In the 1970s, “What’s your sign?” was deemed the “now” way to break the ice. It was understood that, depending on the answer to that question, the relationship would succeed or flounder.

I suggest that the question for now is “What’s Your Technology?”

As an old fogiette, I grew up with a telephone firmly connected to the wall. I have tried to stay current through phones that could be installed without the assistance of the telephone man (it was never a woman), to portable phones, to cell phones as big as a purse, to cell phones that fit in pockets and do everything but the laundry. (Next year!)

My repertoire of phone usage has developed past just phone calling to using it as a camera (sometimes with amazingly good results) and an alarm clock.

I also have 5 e-mail accounts: the junk one I give out to “anybody and anything”, the one for work,  my good one for family and real good friends, one for library work, and 1 on my iPad. I’m also  on Twitter and Facebook mostly as a way to cull information or inform (posting library events) or to lurk.

As plugged in as I am, I’ve noticed that not everyone has the same philosophy about communication as I do.

We originally got cell phones because most of our calls were long distance after we moved to central Ohio. I worked in a suburb of Dayton, Husband worked in Springfield, Son was in school in rural Champaign County and family was back in Toledo or Columbus or Raleigh. Getting the cells cut our phone bills in half (our calls, too since reception was best on the front porch).

Later we bundled TV, internet and phone so even the landline (40 years ago, I think the opposite would have been a marine line) allows “free” calls throughout the U.S.

The first I became aware of the difference in technological thinking was on a trip to New York City when one of my cousins who had planned to spend time with me was unable to because of a shoulder injury. Instead she called my cell phone. Constantly. She didn’t find out until later that every time she called me on my cell during that trip I was thinking, “Ka-ching! Ka-ching! Ka-ching!”

She was calling me during prime daytime hours, did not have the same provider that I do, and I was roaming. (In case you are an old fogey or fogiette too, each of those adds costs).

Fifteen years ago, when we first got the internet at home, my sister thought it was strange that people who lived in our town would send e-mail rather than call. Now it’s so common place, I don’t hear from many people. I only see from them when they send e-mails.

This morning, turning off the cell-alarm,  I noticed I had a text message. I’m not a texter – it, too costs extra. I wondered how old the text was since I hadn’t had the phone on for most of Monday. (Hey! I’m home. Call me there.)

Since I couldn’t focus yet on the screen display, I went about my upon-awakening-routine of bathroom visit, teeth brushing, dressing, pill taking, hair combing, shoe tying and glasses wearing before I knew who the message was from.

The message was from someone I had e-mailed yesterday. “Strange, why didn’t he e-mail back if that was what it was about?”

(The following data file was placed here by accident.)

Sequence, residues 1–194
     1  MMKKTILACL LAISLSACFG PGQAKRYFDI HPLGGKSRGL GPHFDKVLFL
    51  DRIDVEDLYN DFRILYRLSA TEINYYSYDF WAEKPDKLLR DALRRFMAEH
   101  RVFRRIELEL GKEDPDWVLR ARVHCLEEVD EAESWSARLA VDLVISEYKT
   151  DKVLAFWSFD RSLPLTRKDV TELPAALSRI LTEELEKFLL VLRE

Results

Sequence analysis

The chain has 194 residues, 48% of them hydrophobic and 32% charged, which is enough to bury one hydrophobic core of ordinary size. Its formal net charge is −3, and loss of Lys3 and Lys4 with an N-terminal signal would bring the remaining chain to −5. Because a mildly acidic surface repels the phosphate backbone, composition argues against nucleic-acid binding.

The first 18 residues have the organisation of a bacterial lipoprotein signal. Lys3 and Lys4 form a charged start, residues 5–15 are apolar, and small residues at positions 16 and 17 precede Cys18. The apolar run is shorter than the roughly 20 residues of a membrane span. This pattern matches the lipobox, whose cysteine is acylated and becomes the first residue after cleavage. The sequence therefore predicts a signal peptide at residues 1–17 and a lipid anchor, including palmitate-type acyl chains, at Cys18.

I opened his message and found “…what have I done wrong? Thnx for your time.”

Oh, Geez! What was that about? It sounded dire.

Texting isn’t easy for me. I use a flip phone with incredibly stiff keys. My arthritic thumbs work against me too.

I managed a reply after several attempts, “I don’t understand what u r talking about.” The use of texting spelling is not my norm, but that sentence took a lot of effort. As I started to flip the phone closed, I noticed another text message.

As it turned out, his message to me was too long and he had sent it in two parts. The first part included the key, “Hi Linda! Sorry to disturb u but I’m having trouble getting the minutes to your email.” He included what he thought was my email address.

He was off by an added letter.

I commiserated with another friend over breakfast and soon we were educating each other.

She agreed with me that texting on our flip phones was not efficient.

She knew about using the 1 key for punctuation and she knew what I had done to get part of my reply in all caps (I wasn’t really yelling at you, Jim.)

She didn’t know that I had called her yesterday morning and asked if I had called home or her cell. I already technology question asked and answered, so I knew to always call her cell. I then showed her how to tell that I had really called her yesterday morning.

A few hours later another friend called my cell after not getting me at home. I was driving and prefer not to drive and talk on the cell. Yes, I’ve done it, but don’t like doing it – especially in the city. (I think it’s remarkable that many of us want immediate gratification and aren’t content with leaving a message if another call may get an answer.)

Finally, within a block of home, I passed Husband in his vehicle. Soon after I settled into my recliner, the house phone rang. I was pretty sure it was Husband. Before I could tell for sure that it was, I had to find the phone.

I was right, it was Husband. I thought it strange that he called the house from his cell since normally he’d use the same-provider minutes to call my cell. We conducted our conversation, I put the phone in its cradle and returned to the recliner.

A few minutes later, the house phone rang. Again! I’ll bet…

Sure ‘nuf.

From now on, why don’t we exchange business cards that denote our communication preferences.

Linda home phone, e-mail, non-texting Johnson

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